A Fracking Ban Would Hurt Farmers, Families, And Western States

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A nationwide ban on fracking would have significant negative impacts on America’s economy including decreases in household income.

A nationwide ban on fracking would have significant negative impacts on America’s economy including decreases in household income, job losses and GDP decline according to a new industry study this week.

The American Petroleum Institute (API) warned Thursday that a nationwide fracking ban like the ones proposed by several Democratic presidential candidates would lead to 7.5 million lost jobs by 2022 and painful increases to the cost of living for American families.

According to the new analysis by economic modeling firm OnLocation, which relied on a model originally developed by the Entergy Information Administration, a fracking ban would slash household incomes by $5,400 annually. The cumulative economic loss would be $7.1 trillion by 2030.

“The effects of a fracking ban wouldn’t just affect energy workers, it would affect those that rely on energy, which is everyone,” said Frank Macciarola, senior vice president of policy at API. “Increased costs for energy are going to affect every business in this country and every person in this country.”

Since more than 95 percent of U.S. oil and gas wells are developed through hydraulic fracturing, banning the technology would reduce the supply of energy, raising prices for consumers and operating costs for businesses.

“You can’t eliminate the very technology that has enabled the American energy revolution without damaging economic consequences,” said Lessly Goudarzi, founder and CEO of OnLocation. “As our analysis shows, assuming a full ban on fracking would threaten a U.S. recession and force American consumers to rely more on foreign energy rather than energy produced here in the U.S.”

One of the clearest of these economic consequences would be higher energy prices.

The study found that the average American household is projected to spend $618 more per year on gasoline, heating fuel, electricity, and natural gas. Even though energy consumption is projected to decrease 12 percent in the next decade, energy costs would grow 14 percent in the same time.

These increased costs would reflect a shift from domestic to foreign sources of energy. Without fracking the U.S. would shift from being a net exporter of energy to importing almost 30 percent of its natural gas by 2030.

This would not only increase consumer prices, but also have adverse environmental impact since energy would be produced overseas in areas with more lax environmental protections before being shipped thousands of miles to its end destination.

More directly, a fracking ban would cause massive job losses in states where energy is a major industry.

Considered as a share of overall employment, these losses would be especially painful for several states in the Mountain West. Colorado would face  353,00 lost jobs, New Mexico 149,000 jobs, North Dakota 76,000 jobs and Wyoming 48,000 jobs.

“To put in context what we’re talking about, in 2022, we’re talking about job losses that are estimated to be three times the number of job losses in the worst year of the Great Recession, which was the worst year of job losses in the United States since 1945,” said Macchiarola.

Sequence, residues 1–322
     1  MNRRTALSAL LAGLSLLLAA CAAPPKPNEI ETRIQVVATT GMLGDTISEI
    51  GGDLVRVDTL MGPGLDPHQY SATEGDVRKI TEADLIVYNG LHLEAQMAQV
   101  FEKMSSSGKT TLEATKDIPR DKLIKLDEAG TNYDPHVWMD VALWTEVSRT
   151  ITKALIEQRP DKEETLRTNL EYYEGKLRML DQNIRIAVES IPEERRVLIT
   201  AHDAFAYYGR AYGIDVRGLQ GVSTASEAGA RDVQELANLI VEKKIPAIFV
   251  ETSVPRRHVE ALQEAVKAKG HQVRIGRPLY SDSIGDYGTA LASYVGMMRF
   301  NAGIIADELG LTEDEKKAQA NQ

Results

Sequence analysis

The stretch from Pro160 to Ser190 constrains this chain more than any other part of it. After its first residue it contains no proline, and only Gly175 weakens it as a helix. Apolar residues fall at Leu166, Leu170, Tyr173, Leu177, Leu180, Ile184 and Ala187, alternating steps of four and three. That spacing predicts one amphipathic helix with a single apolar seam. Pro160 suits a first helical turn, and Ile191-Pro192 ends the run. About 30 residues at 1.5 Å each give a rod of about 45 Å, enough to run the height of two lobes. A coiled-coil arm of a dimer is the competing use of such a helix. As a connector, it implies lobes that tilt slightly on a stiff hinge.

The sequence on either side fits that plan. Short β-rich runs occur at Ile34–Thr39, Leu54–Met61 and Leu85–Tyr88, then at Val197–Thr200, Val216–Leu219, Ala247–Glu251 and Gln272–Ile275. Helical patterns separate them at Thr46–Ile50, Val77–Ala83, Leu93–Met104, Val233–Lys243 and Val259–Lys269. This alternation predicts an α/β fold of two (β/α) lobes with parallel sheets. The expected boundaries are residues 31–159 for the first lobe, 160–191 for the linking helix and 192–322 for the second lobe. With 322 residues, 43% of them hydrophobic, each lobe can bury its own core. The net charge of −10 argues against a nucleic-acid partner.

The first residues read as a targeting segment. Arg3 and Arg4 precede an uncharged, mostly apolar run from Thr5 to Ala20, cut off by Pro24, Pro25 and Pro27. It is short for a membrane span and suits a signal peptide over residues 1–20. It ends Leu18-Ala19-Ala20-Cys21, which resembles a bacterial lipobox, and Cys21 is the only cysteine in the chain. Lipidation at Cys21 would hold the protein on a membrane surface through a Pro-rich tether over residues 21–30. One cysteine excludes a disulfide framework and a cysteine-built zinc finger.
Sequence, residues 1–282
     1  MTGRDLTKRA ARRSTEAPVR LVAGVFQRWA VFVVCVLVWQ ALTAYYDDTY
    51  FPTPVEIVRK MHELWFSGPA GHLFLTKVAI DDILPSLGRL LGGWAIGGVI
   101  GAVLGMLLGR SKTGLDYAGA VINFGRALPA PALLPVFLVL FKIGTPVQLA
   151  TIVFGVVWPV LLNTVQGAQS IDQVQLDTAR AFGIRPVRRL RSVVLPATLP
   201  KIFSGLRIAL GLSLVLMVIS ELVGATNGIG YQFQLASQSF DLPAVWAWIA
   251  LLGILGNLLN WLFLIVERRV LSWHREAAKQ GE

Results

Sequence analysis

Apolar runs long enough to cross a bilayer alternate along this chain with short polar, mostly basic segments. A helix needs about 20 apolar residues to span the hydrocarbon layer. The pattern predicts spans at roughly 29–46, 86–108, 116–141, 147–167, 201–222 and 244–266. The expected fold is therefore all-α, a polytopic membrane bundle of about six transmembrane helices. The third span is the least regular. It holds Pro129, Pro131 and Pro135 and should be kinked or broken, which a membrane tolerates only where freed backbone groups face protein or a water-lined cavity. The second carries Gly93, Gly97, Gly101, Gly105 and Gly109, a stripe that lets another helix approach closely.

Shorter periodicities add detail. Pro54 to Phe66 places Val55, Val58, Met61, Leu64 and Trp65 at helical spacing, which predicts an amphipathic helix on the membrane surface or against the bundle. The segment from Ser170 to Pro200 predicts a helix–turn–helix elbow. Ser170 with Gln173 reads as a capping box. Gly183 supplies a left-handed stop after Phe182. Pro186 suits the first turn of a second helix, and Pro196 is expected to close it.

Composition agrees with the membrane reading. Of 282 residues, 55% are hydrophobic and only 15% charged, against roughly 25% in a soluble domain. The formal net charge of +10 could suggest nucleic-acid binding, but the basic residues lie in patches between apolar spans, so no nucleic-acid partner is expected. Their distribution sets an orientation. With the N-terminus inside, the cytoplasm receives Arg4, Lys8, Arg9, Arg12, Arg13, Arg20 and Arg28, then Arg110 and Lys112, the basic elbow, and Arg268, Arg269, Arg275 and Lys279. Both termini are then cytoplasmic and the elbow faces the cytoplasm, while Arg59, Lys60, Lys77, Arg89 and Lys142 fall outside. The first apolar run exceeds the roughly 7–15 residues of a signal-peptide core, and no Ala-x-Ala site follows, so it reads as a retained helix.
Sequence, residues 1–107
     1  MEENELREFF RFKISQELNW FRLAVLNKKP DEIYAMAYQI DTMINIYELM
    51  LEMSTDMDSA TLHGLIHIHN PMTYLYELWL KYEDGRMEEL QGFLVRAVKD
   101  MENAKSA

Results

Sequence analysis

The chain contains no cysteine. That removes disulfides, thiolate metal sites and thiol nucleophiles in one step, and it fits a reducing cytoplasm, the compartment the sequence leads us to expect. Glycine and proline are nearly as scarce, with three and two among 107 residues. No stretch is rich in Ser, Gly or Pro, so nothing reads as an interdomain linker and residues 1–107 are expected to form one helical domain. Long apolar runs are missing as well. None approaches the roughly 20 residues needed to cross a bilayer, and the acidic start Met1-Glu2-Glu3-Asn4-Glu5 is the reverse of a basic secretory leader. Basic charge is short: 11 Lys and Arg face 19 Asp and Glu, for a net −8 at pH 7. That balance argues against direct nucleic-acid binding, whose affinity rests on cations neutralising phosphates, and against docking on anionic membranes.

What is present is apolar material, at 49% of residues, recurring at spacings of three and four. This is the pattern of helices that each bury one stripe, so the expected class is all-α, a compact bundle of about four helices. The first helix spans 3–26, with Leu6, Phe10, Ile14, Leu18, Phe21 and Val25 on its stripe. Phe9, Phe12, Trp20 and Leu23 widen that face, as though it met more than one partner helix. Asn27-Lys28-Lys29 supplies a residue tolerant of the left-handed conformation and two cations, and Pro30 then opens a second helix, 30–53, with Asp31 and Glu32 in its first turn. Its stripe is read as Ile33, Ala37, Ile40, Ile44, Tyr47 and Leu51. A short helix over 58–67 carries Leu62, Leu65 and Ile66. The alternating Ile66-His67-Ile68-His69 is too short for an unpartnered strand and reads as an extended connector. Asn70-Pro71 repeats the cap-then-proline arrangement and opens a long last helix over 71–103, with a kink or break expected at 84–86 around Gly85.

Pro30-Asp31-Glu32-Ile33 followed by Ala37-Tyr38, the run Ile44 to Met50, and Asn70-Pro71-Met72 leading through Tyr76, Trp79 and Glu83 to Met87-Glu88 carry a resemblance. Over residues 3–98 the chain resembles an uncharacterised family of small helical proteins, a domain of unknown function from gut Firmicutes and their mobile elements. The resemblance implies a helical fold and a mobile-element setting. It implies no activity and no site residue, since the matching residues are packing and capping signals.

“We really hope we’re wrong.  This is really devastating potentially to the American economy.  And it’s not simply about energy jobs, it’s about all of our jobs.”

Higher energy costs would also adversely impact farmers and manufacturers. Since farming is an energy-intensive industry, direct and indirect energy costs account for 36 to 48 percent of the total production costs for crops like corn, wheat, and soybeans.

Increases to the cost of natural gas, which is also used as a fertilizer, would raise costs of farming wheat by 64 percent, corn by 54 Percent and soybeans by 48 percent, changes that overall would decrease farm income by 43 percent.

API is hoping that the report will show lawmakers the very real impacts a nationwide fracking ban like those proposed by Sen. Bernie Sanders (I, Vt.), Sen. Elizabeth Warren (D, Mass.) and Tom Steyer would have on the American economy.

In a call with reporters, API CEO Mike Sommers stressed that though anti-fracking legislation was unlikely to pass in today’s Congress, political realities could change.

“Just because the Congress as situated today would not impose a fracking ban does not mean a Congress situated after 2020 would not impose a fracking ban,” Sommers said. “We have to guard against and pendulum-proof against whatever political environment we may find ourselves in.”

API’s strategy is part of a broader industry push to promote the benefits of oil and gas during a Democratic primary that is increasingly hostile to energy production.

Earlier in the week, Western Energy Alliance published an open letter to Democratic candidates in the New York Times, explaining the benefits of affordable American energy and arguing that it would be criminal not to produce oil and natural gas. (Western Wire is a project of Western Energy Alliance).

“Without oil and natural gas, people can’t get to school and work, the lights go dark, smartphones cease to exist, medicine cabinets and grocery store shelves go bare,” said Kathleen Sgamma, president of Western Energy Alliance. “We know that people don’t understand how oil and natural gas enables just about every product and service they use every day, but just because we’re taken for granted doesn’t mean we should be vilified.”


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